The crypto scam is always a pain in the neck, especially for these law keepers. They want answers and as part of their investigation, they turn their attention to the 16th richest man in the world.
US Senate Democratic senators questioned Mark Zuckerberg, Meta’s chief executive, on the company’s procedures for combating cryptocurrency fraud.
The Washington Post reports that US Senate Democrats want more details from Meta on how the company is handling the cryptocurrency scam, saying the company’s platforms are breeding ground for scammers. .
Bob Menendez of New Jersey leads the group of senators, which also includes Sherrod Brown of Ohio, chairman of the Banking Committee, and Elizabeth Warren of Massachusetts.
Several of Meta’s sites are particularly popular hunting grounds for scammers, the senators said, despite the fact that “crypto scams are rampant on social media.”
Best Instagram Site for Crypto Scams?
About 32% of consumers who said they had been scammed with cryptocurrency said the fraudulent activity happened on Instagram, followed by 26% on Facebook and 9% on WhatsApp.
Lawmakers cited a June 2018 Federal Trade Commission report that described social media and cryptocurrencies as “an explosive combination for fraud.”
According to the FTC report, social media platforms were responsible for around half a billion dollars in cryptocurrency-related scams in 2021, with the majority involving investments.
The lawmakers asked if Meta offered “warnings or educational materials about crypto scams in languages other than English.”
Andy Stone, a representative for Meta, said the scams violate company policy and harm its business. Therefore, it invests “considerable resources to detect and prevent fraud.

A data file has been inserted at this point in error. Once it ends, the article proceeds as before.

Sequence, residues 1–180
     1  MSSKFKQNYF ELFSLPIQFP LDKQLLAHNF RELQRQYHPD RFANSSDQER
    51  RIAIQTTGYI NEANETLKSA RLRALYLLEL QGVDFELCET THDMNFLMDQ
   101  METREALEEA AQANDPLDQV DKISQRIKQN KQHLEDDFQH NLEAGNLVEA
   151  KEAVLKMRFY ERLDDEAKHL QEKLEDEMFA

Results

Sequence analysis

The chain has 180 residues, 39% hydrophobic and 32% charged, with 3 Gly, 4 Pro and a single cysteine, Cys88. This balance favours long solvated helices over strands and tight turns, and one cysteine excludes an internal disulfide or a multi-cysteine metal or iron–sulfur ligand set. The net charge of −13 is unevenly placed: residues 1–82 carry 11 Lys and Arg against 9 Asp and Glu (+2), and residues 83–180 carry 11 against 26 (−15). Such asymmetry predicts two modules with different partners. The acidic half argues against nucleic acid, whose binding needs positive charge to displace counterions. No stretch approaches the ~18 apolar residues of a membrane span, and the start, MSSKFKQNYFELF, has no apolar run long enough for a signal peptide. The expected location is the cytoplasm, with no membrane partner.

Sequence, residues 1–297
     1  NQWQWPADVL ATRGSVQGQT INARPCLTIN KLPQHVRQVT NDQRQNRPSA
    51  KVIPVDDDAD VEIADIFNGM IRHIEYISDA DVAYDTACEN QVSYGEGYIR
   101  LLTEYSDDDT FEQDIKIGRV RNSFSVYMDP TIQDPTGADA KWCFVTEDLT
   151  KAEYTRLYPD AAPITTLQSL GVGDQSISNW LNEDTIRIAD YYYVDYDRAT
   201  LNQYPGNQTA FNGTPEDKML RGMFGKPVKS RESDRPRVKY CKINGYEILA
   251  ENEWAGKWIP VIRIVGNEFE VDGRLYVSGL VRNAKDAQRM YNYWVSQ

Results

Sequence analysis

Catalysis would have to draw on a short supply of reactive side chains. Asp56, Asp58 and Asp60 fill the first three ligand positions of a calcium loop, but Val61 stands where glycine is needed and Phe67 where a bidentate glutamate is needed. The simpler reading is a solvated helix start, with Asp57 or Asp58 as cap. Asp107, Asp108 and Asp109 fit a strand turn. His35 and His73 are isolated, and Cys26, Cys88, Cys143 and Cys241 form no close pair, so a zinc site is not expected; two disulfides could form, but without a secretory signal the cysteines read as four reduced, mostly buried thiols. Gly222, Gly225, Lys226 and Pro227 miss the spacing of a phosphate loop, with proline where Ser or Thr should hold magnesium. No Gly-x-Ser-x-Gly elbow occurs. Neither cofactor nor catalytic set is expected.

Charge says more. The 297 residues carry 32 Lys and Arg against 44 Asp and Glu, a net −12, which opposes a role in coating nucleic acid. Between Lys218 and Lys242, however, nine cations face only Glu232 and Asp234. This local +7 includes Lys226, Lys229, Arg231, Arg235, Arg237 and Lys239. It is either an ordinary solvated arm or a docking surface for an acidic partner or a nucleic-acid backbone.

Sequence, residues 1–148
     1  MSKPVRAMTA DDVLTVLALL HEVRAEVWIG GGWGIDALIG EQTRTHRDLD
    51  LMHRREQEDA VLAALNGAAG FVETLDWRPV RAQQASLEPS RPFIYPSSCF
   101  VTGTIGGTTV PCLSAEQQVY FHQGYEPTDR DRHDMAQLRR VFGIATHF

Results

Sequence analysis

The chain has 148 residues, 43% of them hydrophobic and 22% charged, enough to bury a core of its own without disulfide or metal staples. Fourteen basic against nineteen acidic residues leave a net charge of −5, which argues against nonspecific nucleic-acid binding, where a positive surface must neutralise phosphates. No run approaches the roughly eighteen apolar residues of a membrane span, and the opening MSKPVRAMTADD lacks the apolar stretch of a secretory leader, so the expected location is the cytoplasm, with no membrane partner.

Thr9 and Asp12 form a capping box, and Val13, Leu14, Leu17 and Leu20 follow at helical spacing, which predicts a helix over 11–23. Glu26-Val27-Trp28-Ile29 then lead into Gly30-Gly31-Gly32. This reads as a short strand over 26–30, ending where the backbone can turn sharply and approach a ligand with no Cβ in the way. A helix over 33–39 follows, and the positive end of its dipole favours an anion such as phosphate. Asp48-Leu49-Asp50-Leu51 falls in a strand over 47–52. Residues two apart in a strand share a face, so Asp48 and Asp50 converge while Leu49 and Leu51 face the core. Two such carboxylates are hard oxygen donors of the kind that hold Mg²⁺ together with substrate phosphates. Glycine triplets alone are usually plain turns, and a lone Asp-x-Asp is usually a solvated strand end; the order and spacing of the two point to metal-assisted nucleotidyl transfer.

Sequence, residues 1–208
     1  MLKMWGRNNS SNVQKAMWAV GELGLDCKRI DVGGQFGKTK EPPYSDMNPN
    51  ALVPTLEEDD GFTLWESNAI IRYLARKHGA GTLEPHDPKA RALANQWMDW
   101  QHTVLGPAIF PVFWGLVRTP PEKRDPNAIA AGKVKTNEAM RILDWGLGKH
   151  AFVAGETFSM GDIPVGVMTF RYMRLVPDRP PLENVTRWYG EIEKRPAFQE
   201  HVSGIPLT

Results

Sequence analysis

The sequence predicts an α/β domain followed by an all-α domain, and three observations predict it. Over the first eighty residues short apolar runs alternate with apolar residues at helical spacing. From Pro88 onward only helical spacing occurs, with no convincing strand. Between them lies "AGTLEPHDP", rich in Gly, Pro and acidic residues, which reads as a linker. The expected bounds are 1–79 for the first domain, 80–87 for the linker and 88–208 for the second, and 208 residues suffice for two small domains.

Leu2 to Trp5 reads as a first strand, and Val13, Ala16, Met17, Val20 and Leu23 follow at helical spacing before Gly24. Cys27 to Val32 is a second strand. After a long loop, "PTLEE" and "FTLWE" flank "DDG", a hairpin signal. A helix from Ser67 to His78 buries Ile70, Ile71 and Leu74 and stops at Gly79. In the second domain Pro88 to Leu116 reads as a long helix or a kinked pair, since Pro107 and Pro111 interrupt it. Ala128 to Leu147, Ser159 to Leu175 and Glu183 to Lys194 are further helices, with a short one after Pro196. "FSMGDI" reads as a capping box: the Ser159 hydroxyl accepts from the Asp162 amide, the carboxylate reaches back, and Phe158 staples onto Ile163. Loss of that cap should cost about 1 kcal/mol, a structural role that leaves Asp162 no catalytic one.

$1 billion lost to scammers
According to a report released by the FTC in June this year, over 46,000 people said they had lost over $1 billion worth of cryptocurrency to scammers since the start of 2021. These downsides include, to name a few. to name a few, bitcoin investment schemes, rug draws, romance scams and phishing.
Bitcoin (70%), tether (10%) and ether (9%), according to the FTC, were the top three cryptocurrencies used to pay scammers.
Nearly $4 out of every $10 reported lost to fraud that began on social media was in cryptocurrencies, far more frequently than any other form of payment.
According to these reports, the main platforms are Instagram (32%), Facebook (26%), WhatsApp (9%) and Telegram (7%).
However, Meta platforms are not the only places where crypto scams are rampant. Twitter has also received many complaints about crypto fraud and bots.
Recently, cybercriminals were able to perpetrate a crypto scam by showing a YouTube video promoting fake crypto investments at an Apple side event.
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